Measured Against Reality

Tuesday, February 19, 2008

Does the Magic Matter?

I generally like the NYTimes Op-Ed page. While I don't always agree with the editorials they print, they're generally high-quality, well-written, thought-provoking pieces. However, there's one today that is little but unadulterated garbage. I'm speaking about When the Magic Fades by David Brooks.

Let me start with the easiest point, and that is his attempt to show Obama as partisan:

The Gang of 14 created bipartisan unity on judges, but Obama sat it out. Kennedy and McCain created a bipartisan deal on immigration. Obama opted out of the parts that displeased the unions. Sixty-eight senators supported a bipartisan deal on FISA. Obama voted no. And if he were president now, how would the High Deacon of Unity heal the breach that split the House last week?


First of all, calling the FISA bill bipartisan is a laughing stock. That was nothing but the Democrats in the Senate capitulating to Bush, and passing a god-awful piece of legislation. The House's actions the next day in allowing the bill to die were almost universally hailed as the right thing to do, and every sane person agrees. Voting against that insidious bill is a point for Obama, not against. If Brooks' point here is that Obama should back every measure that has bipartisan support just because he supports transcending party lines to get stuff done then Brooks is completely and utterly wrong. That line of thinking says that the Iraq War authorization was a good idea, and it's clearly bullshit. What Obama means by bringing people together is bringing them together to do good, not just bringing them together for its own sake. The fact is that sometimes playing the partisan game is correct, at least when one side is right and the other isn't.

And I'm honestly confused about the disdain some people are showing for Obama's supporters. Is it really a bad thing that people are inspired by him? Is it a bad thing that young people are voting in droves? Is it a bad thing that he attracts moderates and Republicans? Because to me these seem like great, even necessary attributes for the Democratic candidate. That is, unless you want to see a John McCain presidency.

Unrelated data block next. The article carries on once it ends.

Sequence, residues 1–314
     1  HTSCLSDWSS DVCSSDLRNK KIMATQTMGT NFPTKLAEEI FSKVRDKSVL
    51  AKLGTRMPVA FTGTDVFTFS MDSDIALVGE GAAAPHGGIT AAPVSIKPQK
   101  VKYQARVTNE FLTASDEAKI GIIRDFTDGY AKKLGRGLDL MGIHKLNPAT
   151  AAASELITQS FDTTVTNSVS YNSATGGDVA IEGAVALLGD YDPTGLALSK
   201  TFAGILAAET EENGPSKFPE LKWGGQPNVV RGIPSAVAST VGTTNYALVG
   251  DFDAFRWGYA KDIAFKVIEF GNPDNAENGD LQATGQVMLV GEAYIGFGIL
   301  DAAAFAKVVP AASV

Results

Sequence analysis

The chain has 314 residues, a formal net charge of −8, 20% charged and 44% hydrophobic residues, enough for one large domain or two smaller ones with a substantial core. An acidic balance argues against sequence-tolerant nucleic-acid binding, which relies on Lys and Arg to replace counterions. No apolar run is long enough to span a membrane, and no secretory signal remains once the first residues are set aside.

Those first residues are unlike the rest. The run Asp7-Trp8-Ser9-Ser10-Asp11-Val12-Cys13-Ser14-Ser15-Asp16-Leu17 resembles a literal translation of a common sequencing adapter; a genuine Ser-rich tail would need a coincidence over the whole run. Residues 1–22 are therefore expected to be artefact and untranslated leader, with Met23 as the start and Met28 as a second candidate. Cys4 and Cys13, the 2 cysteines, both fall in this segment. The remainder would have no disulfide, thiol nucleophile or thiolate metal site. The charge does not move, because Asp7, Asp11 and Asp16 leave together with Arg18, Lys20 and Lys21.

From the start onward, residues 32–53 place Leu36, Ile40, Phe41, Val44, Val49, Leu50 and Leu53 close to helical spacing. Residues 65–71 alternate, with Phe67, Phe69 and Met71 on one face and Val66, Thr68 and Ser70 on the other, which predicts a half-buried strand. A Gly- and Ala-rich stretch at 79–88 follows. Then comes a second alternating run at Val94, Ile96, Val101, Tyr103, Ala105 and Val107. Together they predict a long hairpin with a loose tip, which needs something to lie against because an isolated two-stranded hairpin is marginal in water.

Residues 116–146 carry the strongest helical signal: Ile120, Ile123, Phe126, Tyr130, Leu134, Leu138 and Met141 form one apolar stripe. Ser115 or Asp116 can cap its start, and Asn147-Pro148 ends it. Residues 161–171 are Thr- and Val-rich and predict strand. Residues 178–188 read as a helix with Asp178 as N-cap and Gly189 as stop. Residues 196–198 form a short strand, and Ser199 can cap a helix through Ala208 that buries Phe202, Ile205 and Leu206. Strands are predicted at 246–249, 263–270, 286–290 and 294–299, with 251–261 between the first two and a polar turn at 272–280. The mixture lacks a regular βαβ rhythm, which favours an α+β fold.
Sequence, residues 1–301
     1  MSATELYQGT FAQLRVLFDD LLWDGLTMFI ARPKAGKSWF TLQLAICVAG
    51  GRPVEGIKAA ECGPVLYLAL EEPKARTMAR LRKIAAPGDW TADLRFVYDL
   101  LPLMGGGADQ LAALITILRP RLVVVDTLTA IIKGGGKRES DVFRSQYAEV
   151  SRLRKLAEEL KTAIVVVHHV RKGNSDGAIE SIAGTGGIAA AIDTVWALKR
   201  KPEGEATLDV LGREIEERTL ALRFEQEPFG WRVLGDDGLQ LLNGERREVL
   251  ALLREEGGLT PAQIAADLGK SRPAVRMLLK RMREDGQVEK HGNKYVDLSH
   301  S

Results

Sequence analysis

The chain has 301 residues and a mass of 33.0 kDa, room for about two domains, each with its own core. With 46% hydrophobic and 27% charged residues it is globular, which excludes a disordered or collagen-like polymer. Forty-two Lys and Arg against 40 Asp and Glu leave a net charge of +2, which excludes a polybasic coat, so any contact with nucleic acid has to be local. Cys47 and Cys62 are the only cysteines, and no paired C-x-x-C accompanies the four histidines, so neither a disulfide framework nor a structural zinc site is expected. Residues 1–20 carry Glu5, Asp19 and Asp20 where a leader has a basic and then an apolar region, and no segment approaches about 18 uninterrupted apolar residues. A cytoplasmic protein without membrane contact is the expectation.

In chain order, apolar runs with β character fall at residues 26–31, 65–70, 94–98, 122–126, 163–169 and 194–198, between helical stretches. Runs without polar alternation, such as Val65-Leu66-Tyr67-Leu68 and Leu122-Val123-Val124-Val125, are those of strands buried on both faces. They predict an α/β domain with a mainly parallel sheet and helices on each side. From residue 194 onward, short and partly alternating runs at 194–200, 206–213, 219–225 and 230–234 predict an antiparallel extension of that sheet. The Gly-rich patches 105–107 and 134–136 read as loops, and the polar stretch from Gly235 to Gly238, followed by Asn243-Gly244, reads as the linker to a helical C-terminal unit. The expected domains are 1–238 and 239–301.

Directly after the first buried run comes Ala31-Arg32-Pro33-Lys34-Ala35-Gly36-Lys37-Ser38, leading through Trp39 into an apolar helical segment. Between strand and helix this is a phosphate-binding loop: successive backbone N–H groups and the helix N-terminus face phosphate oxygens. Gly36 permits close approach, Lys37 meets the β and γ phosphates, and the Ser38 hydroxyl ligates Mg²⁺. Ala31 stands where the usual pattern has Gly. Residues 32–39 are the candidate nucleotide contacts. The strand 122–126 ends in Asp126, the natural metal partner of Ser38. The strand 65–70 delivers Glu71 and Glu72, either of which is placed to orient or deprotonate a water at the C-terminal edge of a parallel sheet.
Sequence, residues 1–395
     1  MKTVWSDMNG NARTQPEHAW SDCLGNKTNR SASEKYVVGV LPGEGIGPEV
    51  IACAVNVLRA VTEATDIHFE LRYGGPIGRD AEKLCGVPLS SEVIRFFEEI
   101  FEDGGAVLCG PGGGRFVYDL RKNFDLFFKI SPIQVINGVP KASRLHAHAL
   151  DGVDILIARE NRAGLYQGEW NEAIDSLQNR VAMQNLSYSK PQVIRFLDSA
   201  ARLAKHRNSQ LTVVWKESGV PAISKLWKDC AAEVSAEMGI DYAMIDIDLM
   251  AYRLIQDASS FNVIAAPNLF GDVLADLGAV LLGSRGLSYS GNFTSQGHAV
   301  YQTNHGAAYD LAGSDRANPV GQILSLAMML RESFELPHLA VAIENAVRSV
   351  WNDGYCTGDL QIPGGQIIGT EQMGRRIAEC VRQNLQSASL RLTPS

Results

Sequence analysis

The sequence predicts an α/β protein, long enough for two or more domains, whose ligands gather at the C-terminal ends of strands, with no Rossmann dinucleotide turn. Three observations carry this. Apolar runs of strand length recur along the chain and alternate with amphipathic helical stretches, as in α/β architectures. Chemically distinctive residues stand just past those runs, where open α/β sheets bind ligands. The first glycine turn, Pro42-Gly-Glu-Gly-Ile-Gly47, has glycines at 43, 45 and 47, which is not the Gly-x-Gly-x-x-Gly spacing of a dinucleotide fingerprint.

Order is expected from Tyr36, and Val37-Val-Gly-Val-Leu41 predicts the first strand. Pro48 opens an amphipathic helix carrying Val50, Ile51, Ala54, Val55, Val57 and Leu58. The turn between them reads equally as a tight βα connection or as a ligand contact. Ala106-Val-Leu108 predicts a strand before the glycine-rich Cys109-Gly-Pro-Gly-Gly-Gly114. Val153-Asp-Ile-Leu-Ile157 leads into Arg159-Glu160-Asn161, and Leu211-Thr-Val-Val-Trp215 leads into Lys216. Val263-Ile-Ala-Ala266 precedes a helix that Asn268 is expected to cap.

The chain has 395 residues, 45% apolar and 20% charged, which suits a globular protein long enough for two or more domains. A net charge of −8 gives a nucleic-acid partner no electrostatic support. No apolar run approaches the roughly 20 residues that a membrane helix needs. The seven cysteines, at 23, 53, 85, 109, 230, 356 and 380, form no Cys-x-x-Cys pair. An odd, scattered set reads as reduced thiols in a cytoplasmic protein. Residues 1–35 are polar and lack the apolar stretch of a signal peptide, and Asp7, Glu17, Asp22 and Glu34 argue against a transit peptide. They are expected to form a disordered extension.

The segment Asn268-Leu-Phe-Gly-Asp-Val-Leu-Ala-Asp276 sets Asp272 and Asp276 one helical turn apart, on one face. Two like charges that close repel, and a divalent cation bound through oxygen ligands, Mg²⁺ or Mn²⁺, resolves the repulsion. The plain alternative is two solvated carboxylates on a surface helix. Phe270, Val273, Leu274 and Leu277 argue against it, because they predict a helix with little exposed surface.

I'm also tired of these low-blows about him being "messianic". For starters, don't we kind of need someone to take charge and save our sorry asses from the fuck-up of historical proportions that is the Bush administration? I'm not going to say we need a messiah, but I also think that knocking Obama for using grand rhetorical is just foolish. The best leaders of all time are almost universally great speakers, and it's because inspiring people with language indicates a great mind, which a good leader needs. The same people who mock Bush relentlessly for his "Bush-isms" don't see that it works the other way too: someone who knows how to use words to inspire is exactly the kind of intelligent, clear-thinking person we need.

And this is just insane:

Up until now The Chosen One’s speeches had seemed to them less like stretches of words and more like soul sensations that transcended time and space. But those in the grips of Obama Comedown Syndrome began to wonder if His stuff actually made sense. For example, His Hopeness tells rallies that we are the change we have been waiting for, but if we are the change we have been waiting for then why have we been waiting since we’ve been here all along?


Yes, and MLK's "I have a dream" speech was about an actual dream. Is Brooks serious? Does he really think that Obama means "we" as in the collection of individuals? It clearly means the movement, the people coalescing behind one person and demanding an end the insanity, demanding something better. Misinterpreting that means you're either an idiot or being disingenuous.

Then there this:

Obama says he is practicing a new kind of politics, but why has his PAC sloshed $698,000 to the campaigns of the superdelegates, according to the Center for Responsive Politics? Is giving Robert Byrd’s campaign $10,000 the kind of change we can believe in?


Nice job not noting that Hillary gave a bunch of money to those people too, that information is totally not pertinent. Regardless, I liked the Obama camp's response to this idiotic accusation, "They've discovered that we support the Democratic party," (paraphrased). I'll admit, this could look like he's trying to buy their vote, but I very much doubt it. First because no superdelegate is stupid enough to be bought, and second because who would be bought for $10,000? It seems to me far more likely that they're just supporting other Democratic candidates, and even if they're not, knocking Obama for doing this seems odd because the Clinton camp has done it too.

In the end, I'm as bemused by the Obama-knockers as the Hillary-haters. Personally, I'll vote for whichever candidate the Democrats put up, even though I prefer Obama. But it's starting to look pretty clear that the people prefer Obama, and he has a better chance of winning against McCain is every recent poll I've seen, I'm thinking it's time for others to support him too. But some don't, and I can respect that without needing to call them delusional or idiotically bash Clinton.

In any event, I hope this stupid "Obama's supporters are a cult!!!!111" thing ends soon, because it's moronic beyond words. Of course, that's the very reason it'll likely keep up until the fat lady sings.

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